The research outlined in this thesis showcases the novel development of a colorimetric method for the determination of cortisol in human saliva. Notably, cortisol governs the stress response through release in a ‘hormonal cascade’ that leads to mobilisation of energy, increased awareness, and alertness, as reactions to restore the body to its homeostatic nature. Thereby, cortisol is a key logical indicator that can be used to determine stress levels, which can be monitored to facilitate stress management for mental health wellbeing. The research question underpinning this body of work is the prospect of fingerprinting cortisol in human saliva through optical techniques, such as infrared, ultraviolet, and visible light (UV-Vis) spectroscopy, towards a non-invasive, point-of-care application. Firstly, the existing state-of-the-art technologies for stress monitoring were evaluated, from which it was determined that cortisol is the fundamental biomarker to enable stress monitoring. Experimental studies were designed to critically evaluate the optical characteristics of cortisol using infrared and UV-Vis spectroscopy, towards fingerprinting the stress hormone in salivary samples. Further experimentation involved the development of a protocol for the fingerprinting of cortisol in the UV-Vis spectral range, with the aid of chromogenic reagents (tetrazolium blue and tetramethylammonium hydroxide), as well as comparison with the gold-standard salivary cortisol measurement technique, enzyme-linked immunoassays (ELISAs), showcasing promising results. After development of calibration curves through regression modelling, the novel method for colorimetric determination of cortisol was utilised for cortisol measurement in an in-vivo pilot study of 20 participants undergoing a standardised stress elicitation protocol. The Maastricht Acute Stress Test (MAST) protocol was implemented for stress elicitation in 20 healthy individuals from whom saliva samples were collected for rapid cortisol determination via the novel method and ELISA validation. Results from the in-vivo study demonstrated a coefficient of determination of 0.997, suggesting that the novel colorimetric method could determine cortisol levels from human saliva samples with great accuracy, comparable to the gold-standard technique. Finally, a preliminary sensor development stage was conducted in which a prototype colorimeter sensor was developed for the evaluation of cortisol in human saliva, towards point-of-care applications. The novel technological advancements presented in this research contribute towards the development of point-of-care devices which take a new and innovative approach to stress monitoring. Thus, deviating from dated practices that are limited by subjective and qualitative evaluations, towards transformative technology for the optical determination of stress hormones for improved mental health wellbeing. The work encompassed in this project showcases the development of a novel colorimetric method for the determination of salivary cortisol for the first time with the use of the blue tetrazolium dye and tetramethylammonium hydroxide catalyst, towards the development of a simple prototype colorimetric sensor to evaluate salivary cortisol levels in line with the current gold standard, ELISAs, within in vitro and in vivo scenarios with great accuracy, showing great promise for the future of stress monitoring.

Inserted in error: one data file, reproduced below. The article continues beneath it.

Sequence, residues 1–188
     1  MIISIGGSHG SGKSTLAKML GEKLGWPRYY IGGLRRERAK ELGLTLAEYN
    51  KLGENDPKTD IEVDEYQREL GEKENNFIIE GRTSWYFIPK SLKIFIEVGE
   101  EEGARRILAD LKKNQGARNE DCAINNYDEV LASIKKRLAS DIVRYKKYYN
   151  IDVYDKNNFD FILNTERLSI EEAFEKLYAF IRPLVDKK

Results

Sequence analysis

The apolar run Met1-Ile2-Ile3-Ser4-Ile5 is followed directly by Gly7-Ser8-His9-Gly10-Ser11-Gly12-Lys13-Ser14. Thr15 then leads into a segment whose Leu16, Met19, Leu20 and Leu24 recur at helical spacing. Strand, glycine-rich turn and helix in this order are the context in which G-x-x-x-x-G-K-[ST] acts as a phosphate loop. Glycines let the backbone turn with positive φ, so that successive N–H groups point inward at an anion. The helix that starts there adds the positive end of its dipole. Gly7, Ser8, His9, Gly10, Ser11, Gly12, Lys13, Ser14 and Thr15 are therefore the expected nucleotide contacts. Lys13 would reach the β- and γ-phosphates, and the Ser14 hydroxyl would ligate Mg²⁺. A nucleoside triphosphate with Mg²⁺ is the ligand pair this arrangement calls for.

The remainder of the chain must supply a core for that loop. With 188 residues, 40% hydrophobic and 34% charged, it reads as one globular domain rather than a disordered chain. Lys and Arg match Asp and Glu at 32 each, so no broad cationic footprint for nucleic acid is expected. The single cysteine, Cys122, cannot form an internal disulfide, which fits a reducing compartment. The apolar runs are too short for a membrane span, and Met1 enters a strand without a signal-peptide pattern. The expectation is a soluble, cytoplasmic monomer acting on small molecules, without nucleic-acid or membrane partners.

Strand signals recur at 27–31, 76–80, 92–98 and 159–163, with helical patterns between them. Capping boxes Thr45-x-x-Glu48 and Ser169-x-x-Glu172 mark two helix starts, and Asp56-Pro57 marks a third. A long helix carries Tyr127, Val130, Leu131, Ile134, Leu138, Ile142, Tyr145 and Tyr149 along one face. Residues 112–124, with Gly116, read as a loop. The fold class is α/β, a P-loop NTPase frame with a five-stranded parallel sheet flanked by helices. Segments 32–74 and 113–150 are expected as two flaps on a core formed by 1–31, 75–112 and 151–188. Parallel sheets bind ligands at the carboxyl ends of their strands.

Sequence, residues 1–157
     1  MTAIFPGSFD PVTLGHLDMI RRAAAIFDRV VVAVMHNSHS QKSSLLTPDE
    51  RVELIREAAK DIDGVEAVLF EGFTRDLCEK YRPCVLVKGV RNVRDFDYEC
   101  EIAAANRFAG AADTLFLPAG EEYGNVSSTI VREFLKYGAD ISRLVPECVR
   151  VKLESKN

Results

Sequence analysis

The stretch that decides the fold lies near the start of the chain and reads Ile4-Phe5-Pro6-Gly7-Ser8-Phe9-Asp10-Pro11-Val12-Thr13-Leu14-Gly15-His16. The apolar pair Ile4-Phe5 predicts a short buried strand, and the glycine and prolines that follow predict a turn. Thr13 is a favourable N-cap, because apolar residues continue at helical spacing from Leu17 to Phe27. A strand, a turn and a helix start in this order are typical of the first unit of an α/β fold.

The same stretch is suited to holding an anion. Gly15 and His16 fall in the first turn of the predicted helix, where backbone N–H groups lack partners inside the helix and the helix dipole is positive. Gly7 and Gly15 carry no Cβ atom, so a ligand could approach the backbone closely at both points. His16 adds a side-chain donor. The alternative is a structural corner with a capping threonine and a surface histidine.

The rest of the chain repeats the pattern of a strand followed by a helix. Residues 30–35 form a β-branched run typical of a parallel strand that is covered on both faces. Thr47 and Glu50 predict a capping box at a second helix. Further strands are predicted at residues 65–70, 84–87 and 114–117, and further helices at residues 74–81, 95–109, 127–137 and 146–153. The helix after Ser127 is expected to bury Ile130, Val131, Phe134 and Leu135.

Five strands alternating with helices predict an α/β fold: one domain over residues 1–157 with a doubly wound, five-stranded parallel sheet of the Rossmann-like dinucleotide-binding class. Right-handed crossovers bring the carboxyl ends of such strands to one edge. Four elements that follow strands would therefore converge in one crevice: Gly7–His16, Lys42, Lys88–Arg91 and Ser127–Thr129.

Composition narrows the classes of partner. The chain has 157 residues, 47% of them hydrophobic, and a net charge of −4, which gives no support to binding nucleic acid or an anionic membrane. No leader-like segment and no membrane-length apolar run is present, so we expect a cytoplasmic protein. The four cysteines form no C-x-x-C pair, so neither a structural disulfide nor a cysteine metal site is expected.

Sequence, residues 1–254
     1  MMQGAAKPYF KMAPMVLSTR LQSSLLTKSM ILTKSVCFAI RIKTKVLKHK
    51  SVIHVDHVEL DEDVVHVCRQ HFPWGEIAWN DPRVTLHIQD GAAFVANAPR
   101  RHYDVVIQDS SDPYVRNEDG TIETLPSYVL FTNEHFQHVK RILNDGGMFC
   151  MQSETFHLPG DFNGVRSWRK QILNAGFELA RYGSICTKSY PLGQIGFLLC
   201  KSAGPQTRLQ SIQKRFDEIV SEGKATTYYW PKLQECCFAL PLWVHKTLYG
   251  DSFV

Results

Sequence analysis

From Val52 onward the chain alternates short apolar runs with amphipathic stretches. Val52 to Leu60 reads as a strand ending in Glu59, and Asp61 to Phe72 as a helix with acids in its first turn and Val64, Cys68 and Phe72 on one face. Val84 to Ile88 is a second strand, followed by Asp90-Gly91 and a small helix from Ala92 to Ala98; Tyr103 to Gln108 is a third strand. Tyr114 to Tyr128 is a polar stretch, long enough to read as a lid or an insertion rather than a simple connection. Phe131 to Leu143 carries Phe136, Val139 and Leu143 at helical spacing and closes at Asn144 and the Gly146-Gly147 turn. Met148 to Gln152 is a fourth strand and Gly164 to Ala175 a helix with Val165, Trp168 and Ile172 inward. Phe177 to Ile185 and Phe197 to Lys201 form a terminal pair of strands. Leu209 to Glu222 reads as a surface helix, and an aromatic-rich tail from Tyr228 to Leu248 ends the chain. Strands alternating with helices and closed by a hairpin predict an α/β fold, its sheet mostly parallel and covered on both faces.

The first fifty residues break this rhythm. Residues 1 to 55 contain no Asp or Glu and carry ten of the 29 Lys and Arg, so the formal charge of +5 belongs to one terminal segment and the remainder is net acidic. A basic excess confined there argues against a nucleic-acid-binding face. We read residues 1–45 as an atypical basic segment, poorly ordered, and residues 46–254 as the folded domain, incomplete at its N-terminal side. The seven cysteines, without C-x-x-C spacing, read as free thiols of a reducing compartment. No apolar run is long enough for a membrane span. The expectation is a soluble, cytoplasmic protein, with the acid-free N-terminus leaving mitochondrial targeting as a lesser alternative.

Publication Type: Thesis (Doctoral)
Subjects: R Medicine > RC Internal medicine > RC0321 Neuroscience. Biological psychiatry. Neuropsychiatry
T Technology > TA Engineering (General). Civil engineering (General)
Departments: School of Science & Technology > Engineering
School of Science & Technology > School of Science & Technology Doctoral Theses
Doctoral Theses
[thumbnail of Ahmed thesis 2023 PDF-A.pdf]
Text - Accepted Version